Finally, while the T705 was able to achieve speeds close to its advertised sequential read and write speeds in CrystalDiskMark 8.0.4, it could quickly become overly hot during intensive use, and it dramatically thermal throttled.

We recorded peak operating temperatures of 86°C in this test, with the T700 coming in similarly hot at 81°C and also reducing its performance in order to cool down. Meanwhile, the MP700 Pro peaked at 65°C thanks to its active cooling system. Suffice it to say, we do not recommend using the T705 without some form of heatsink, be it the one that can be purchased with the drive or one that comes with your motherboard.

Crucial T705 game benchmarks

As expected, the T705 performs about the same as other NVMe SSDs when it comes to our Forspoken game benchmarks. Loading the game via our most recent save for the first time, to avoid caching from coloring the results, saw each drive load the game in less than a second, with just 0.12ms separating the best and worst results.

Surprisingly, the T700 won out overall here, but we are talking about a 0.04ms advantage compared to the T705, which even if not within the margin of error is too slight a difference to be celebrated. This is all the more true when you consider that the SN850X, with its PCIe 4.0 interface, was not too far behind either.

The built-in benchmark that measures loading times across various scenes produced a similar set of results, but this time the T705 enjoys a 0.14ms lead on average compared to the T700, 0.13ms versus the MP700 Pro, and 0.18ms against the SN850X. These results do not paint any of the PCIe 5.0 drives in a fantastic light, coming so close to those of a PCIe 4.0 SSD, but the T705 naturally suffers the most here due to its much higher price point.

Finally, timing each drive through the first interdimensional portal sequence in Ratchet & Clank: Rift Apart once again sees all the SSDs provide an eerily similar experience. The T700 leads the pack, but only by 0.14ms, with the T705 and MP700 Pro matching one another as the SN850X trails behind both by 0.3ms.

Operating temperatures for the T705 while gaming peaked at 65°C, making it the hottest of the drives tested here. For context, the T700 and SN850X respectively peaked at 63°C and 54°C, while the MP700 Pro ran much cooler at 48°C with its active cooling. All these temperatures remain perfectly reasonable, though, and are not nearly hot enough to throttle SSD performance.

Crucial T705 SSD atop a white surface against a green background

Crucial T705 price

The Crucial T705 is currently the most expensive PCIe 5.0 NVMe drive on the market, with a starting price of $239.99 for a model with 1TB of capacity, rising to $399.99 for 2TB, and peaking at $689.99 for 4TB. It commands this cost because of its unrivaled sequential read and write speeds, but will likely fall in price as competition grows and PCIe 5.0 SSDs become more commonplace.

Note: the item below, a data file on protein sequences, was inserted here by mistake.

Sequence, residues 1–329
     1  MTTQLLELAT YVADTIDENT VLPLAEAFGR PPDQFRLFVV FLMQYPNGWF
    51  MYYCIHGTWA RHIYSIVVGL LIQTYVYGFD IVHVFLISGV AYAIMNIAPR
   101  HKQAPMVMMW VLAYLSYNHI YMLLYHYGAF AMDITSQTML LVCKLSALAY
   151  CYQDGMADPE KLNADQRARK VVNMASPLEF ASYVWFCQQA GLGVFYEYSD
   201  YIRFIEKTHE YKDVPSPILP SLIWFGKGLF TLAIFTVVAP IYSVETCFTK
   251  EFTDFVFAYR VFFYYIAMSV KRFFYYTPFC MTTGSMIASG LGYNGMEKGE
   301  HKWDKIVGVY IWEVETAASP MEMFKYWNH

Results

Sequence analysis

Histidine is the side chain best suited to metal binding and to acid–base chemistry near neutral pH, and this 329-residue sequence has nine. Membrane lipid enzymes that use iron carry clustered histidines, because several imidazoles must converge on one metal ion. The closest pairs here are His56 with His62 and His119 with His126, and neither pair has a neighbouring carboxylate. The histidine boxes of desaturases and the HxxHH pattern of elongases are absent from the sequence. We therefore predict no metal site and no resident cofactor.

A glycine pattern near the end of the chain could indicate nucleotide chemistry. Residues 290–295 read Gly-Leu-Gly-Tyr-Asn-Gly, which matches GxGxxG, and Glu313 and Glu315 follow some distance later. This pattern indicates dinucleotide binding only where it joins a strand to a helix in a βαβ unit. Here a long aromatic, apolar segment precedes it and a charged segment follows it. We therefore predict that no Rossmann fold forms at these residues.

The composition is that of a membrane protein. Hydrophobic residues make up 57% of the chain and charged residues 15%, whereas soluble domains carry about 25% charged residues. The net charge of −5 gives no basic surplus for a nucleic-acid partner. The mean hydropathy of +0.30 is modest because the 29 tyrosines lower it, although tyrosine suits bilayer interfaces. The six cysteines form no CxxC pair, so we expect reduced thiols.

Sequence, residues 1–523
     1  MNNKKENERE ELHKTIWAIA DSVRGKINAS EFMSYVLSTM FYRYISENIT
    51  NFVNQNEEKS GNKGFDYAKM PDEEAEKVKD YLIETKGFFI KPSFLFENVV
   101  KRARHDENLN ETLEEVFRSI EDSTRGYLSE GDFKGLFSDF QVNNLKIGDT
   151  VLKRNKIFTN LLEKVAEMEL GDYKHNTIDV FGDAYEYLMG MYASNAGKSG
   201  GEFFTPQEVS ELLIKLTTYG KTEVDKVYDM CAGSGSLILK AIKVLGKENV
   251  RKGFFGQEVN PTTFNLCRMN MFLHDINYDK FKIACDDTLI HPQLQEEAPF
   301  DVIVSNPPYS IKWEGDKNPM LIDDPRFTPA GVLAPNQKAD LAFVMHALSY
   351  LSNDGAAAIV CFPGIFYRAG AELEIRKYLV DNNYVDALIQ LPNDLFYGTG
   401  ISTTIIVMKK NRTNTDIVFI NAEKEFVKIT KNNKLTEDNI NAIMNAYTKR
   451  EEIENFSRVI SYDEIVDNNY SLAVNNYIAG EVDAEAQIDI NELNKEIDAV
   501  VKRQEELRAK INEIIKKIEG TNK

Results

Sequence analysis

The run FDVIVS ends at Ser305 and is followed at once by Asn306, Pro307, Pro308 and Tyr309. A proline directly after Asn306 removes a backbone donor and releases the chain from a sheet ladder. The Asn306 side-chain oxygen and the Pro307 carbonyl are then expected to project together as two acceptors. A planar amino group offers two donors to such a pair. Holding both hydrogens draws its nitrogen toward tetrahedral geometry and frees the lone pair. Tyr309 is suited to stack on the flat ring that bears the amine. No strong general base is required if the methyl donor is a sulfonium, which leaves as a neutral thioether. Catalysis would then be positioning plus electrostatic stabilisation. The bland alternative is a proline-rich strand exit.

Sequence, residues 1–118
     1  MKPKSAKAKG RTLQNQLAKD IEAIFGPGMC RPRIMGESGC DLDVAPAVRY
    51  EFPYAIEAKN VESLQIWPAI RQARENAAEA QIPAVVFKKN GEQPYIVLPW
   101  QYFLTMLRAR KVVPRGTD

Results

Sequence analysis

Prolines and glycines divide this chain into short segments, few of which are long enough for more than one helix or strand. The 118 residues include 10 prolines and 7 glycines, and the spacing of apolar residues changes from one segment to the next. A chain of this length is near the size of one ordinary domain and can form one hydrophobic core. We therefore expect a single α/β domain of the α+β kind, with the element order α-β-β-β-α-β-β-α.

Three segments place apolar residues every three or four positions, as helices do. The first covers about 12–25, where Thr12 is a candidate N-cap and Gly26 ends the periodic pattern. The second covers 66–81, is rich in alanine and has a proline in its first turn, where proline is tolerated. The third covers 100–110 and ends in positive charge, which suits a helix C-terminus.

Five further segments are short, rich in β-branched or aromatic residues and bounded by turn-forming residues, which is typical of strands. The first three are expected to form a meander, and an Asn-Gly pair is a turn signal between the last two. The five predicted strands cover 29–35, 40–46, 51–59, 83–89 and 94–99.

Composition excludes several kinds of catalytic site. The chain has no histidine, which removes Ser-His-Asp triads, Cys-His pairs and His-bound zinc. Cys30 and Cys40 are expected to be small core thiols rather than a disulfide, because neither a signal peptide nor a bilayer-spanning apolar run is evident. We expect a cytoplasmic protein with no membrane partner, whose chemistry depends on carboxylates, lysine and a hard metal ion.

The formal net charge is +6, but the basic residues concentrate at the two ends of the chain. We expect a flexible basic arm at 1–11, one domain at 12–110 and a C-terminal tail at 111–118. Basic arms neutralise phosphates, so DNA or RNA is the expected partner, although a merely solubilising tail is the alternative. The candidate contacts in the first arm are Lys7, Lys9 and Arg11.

As pricing stands currently, though, there are a few factors to bear in mind before splashing your cash on the T705. Most importantly, this SSD will not dramatically improve your gaming experience compared to a substantially cheaper PCIe 4.0 drive, and you will get better value from spending your money on one of these cheaper drives than on the T705. This criticism is not unique to Crucial’s newest block of storage, though, as it also applies to the T700 and Corsair MP700 Pro.

For those who must have the fastest drive possible, whether for bragging rights or for creative and production workloads that involve large amounts of data, the T705 is your best option right now. However, it is noticeably more expensive than the T700 and MP700 Pro, which each start at $179.99.

The situation becomes even more expensive if you are unable to pair the T705, or any of these SSDs, with a heatsink on your motherboard. The passive heatsink option will set you back an additional $20-$40 depending on your chosen capacity and, as covered earlier, it will still be prone to thermal throttling under particularly stressful conditions.

The cost is similar for the T700 at $30 across the board, while the MP700 Pro is the cheapest option at $10-$25, but you’ll be stuck with a somewhat unsightly SATA cable to power the on-board fan whether you want to use it or not.

Crucial T705 SSD on a wooden surface

Crucial T705 conclusion

The T705’s sequential read and write speeds set a new yardstick by which other drives will be measured. However, these specs only benefit uses outside of gaming for now, making it tougher to recommend to all but those who need a workhorse drive that will accommodate their varied usage.

These criticisms are true for all PCIe 5.0 drives we have tested so far, but the T705 also stumbles like the T700 due to its paltry passive heatsink. Like it or not, these SSDs run as hot as they do fast, and we will either need to embrace active cooling if we want to get the most out of them, as Corsair has done with the MP700 Pro, or prepare our PCs to house much bigger heatsinks atop our storage.

Crucial T705 alternatives

If the Crucial T705 is not the right SSD for your system, here are some alternative drives we recommend checking out:

Corsair MP700 Pro

The Corsair MP700 Pro is cheaper than the T705 and is not nearly as prone to thermal throttling, but it is not available in a 4TB capacity and its sequential read and write speeds are slower. Go for this one if you need PCIe 5.0 drives but don’t want to break the bank.

Read our Corsair MP700 Pro review to find out more.

WD Black SN850X

The WD Black SN850X has long been our favorite SSD for gaming, providing some of the fastest and most consistent read and write speeds we have seen. Despite its capabilities being limited to PCIe 4.0, it still has plenty of performance to offer and is much more affordable than PCIe 5.0 SSDs.